Healthcare workers (HCW) experience about 2 million NSIs annually that result in blood borne infections like Hepatitis B and C or HIV. The World Health Organization  estimated that injuries due to sharps resulted in 16,000 cases of hepatitis C virus infections, 66,000 hepatitis B virus infection cases and 1,000 HIV infections in health care workers worldwide in 2002 only. The commonest causes of NSIs are two-handed recapping of needles and unsafe collection and disposal of sharp wastes.
Accidental injection of blood-borne pathogens is the major consequence of NSIs, the most worrisome being HIV, Hepatitis B and C. The risk of infection after exposure to blood varies by blood-borne pathogen. The risk of transmission after exposure to HIV-infected blood is about 0.3%, whereas it is estimated to be up to 100 times greater for hepatitis B virus (30%) and could be as high as 10% for Hepatitis C virus .
This study will unearth health workers’ knowledge, attitude and practice of universal precautions and infection control in health facilities and reasons for non-compliance with the expected standard practices, as well as identifying gaps in health facility based infection control.
Evaluate the prevalence and pattern of NSI among healthcare workers in Windhoek.
MATERIALS AND METHODS
A cross-sectional study design was used for the study. Quantitative data regarding the pattern of occurrence of Needle Stick Injuries and actions taken afterwards was collected from health workers collection.
The study enrolled 204 health workers including doctors, nurses, laboratory technologists, cleaners and auxiliary health workers, from three general hospitals. Informed consent was obtained from the subjects. The study was approved by the research review board of the Department of Health Sciences and permission was obtained from Ministry of Health and Social Services and the management of the hospitals.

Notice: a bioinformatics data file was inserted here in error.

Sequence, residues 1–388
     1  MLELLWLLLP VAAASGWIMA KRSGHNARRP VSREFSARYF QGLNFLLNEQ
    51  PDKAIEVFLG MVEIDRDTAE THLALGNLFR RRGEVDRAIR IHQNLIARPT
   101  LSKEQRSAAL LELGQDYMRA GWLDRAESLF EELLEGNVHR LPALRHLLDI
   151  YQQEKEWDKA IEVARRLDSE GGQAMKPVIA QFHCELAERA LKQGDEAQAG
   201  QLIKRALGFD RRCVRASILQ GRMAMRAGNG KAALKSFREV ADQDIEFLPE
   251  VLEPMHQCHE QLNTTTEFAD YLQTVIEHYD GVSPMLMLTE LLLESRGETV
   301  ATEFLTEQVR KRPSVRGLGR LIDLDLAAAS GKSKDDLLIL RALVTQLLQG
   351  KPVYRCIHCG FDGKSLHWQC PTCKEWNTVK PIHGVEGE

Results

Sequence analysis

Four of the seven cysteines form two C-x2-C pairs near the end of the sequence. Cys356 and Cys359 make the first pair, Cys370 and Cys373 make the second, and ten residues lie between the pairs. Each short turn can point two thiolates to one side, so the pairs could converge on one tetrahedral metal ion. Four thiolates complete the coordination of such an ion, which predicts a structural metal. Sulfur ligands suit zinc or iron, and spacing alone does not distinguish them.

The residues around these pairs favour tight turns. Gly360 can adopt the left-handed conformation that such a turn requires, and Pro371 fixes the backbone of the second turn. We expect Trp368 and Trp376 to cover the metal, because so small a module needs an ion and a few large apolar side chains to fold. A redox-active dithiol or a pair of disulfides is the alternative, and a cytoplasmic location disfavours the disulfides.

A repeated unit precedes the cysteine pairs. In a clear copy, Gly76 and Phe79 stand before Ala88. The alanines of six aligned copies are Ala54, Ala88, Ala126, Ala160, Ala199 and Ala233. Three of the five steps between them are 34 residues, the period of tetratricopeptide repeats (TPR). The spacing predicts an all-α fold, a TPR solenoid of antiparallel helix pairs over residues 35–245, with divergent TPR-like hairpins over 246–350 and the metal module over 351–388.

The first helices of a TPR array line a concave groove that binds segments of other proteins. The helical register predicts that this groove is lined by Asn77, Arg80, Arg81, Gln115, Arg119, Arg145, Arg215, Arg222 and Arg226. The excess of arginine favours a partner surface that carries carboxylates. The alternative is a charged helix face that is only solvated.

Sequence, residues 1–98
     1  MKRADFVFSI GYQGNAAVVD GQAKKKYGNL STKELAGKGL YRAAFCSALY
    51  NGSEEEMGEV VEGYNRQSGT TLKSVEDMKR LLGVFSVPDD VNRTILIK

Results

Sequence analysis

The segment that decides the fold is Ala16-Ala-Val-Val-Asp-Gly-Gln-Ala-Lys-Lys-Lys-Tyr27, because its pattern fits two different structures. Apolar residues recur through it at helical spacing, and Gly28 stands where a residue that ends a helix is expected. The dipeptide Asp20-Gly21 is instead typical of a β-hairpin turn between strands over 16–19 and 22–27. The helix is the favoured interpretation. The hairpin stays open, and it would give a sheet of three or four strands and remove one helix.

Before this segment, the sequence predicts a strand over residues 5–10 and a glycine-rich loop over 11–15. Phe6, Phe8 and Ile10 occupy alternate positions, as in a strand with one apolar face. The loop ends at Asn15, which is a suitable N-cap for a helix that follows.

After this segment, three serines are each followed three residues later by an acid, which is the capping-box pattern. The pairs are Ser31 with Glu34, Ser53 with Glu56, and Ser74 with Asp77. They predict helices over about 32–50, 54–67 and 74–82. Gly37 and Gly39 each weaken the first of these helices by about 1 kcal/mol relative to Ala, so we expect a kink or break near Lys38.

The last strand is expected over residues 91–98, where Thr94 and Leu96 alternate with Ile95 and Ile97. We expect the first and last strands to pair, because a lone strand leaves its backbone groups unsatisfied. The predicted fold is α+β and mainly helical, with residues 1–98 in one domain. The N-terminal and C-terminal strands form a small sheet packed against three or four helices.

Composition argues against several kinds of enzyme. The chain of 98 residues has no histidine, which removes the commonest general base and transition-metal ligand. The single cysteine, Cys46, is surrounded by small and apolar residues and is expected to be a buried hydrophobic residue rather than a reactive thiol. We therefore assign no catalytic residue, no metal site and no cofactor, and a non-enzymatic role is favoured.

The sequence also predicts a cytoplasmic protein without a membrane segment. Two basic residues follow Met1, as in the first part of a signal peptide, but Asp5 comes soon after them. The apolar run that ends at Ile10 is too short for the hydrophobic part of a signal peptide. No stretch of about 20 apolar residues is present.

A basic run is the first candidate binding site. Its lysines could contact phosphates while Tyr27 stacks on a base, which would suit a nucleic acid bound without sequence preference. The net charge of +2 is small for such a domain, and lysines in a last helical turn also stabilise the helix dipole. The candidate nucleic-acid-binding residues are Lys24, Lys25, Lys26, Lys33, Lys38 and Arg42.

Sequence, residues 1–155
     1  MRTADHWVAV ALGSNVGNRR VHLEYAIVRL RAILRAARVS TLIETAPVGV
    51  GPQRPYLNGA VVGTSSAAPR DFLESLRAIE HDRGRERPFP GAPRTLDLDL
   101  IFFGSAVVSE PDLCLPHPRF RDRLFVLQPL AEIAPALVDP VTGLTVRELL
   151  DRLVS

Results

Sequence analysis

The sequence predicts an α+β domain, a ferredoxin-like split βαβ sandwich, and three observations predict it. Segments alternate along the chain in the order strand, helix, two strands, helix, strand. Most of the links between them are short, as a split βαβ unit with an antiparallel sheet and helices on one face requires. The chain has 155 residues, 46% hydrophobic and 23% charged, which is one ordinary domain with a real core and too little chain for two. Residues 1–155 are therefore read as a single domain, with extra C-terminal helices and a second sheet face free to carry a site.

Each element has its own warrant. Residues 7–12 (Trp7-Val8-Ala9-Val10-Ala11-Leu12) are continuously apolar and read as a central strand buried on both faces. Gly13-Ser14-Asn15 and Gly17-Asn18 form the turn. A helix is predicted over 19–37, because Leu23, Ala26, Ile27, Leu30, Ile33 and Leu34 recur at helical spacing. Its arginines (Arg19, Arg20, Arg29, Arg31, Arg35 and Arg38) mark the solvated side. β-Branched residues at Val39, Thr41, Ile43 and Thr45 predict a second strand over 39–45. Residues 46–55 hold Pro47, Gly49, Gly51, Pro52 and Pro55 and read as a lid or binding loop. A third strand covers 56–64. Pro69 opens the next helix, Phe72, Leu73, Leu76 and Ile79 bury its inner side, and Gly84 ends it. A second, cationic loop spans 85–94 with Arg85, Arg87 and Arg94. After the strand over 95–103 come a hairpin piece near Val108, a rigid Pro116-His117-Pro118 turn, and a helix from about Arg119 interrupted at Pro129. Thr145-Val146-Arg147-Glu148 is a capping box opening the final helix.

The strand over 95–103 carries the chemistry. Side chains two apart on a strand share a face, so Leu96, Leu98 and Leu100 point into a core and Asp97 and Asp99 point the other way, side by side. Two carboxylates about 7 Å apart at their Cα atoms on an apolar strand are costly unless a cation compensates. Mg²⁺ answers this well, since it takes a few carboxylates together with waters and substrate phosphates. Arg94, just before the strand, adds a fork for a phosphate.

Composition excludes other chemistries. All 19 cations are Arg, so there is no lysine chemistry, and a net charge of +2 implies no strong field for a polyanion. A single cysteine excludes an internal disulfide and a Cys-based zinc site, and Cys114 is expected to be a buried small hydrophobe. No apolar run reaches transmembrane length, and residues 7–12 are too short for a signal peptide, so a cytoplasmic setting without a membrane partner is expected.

Interviewer-administered, non-coded, structured questionnaires with closed-ended questions were used. The questionnaires elicited information on socio-demographic characteristics of the respondents, the respondent’s knowledge on NSIs and infection control, circumstances surrounding the occurrence of NSIs and nosocomial infections, measures in place to prevent NSIs and nosocomial infections, sterilization of equipment, guidelines on NSI and infection control. Needle stick injury records were also reviewed and summarized. Monthly records were obtained from only 2 of the hospitals.
Data management process
Data was summarized in percentages and presented in tables and charts. Continuous variables were summarized in means and standard deviations. Chi-square (X2 ) test was used to demonstrate the significance of the pattern observed between HCW cadre and gender of participants. Statistical Package for Social Sciences (SPSS), version 22 and Microsoft excel were used for statistical analysis and presentation of data respectively.
The number of HCWs willing to participate in the study was limited due to heavy workloads therefore the sample size is smaller than initially planned and may not be representative of the general population. Records reviewed are subject to human error, incomplete entries or under-reporting and therefore might not represent the actual pattern of NSIs. Only 2 of the hospitals kept monthly records of NSIs, and are therefore the only statistics represented.
RESULTS AND DISCUSSION
Two hundred and four health workers from 3 participating hospitals took part in the study with 74 (36.3%), 79 (38.7%) and 51 (25%) participants from Hospital 1, Hospital 2 and Hospital 3 respectively (Figure 1). Prevalence of NSI among the respondents was 38%. There is no statistically significant relationship between HSW profession and Occurrence of NSI as seen in (Table 1,2) (X2 =45.54, p=0.000). Further, the relationship between Gender and Number of NSI incidences in not statistically significant (X2 =5.69, p=0.127) as shown in (Table 3). Most reported that NSIs commonly occur during recapping of needles, as indicated by 16% of nurses (Figure 2). After the last NSI, action taken by the respondents included washing the injury under running water (74%), reporting the injury to the Infection Control Nurse (ICN) (60%), while about 50% allowed the injury to breed and 3% did not do anything after an NSI. About 9% took other actions which included getting tested for hepatitis and HIV and receiving Post Exposure Prophylaxis. Reasons for the action taken after a NSI among others were because HCWs were trained to do so (45%) and following hospital policy (37%).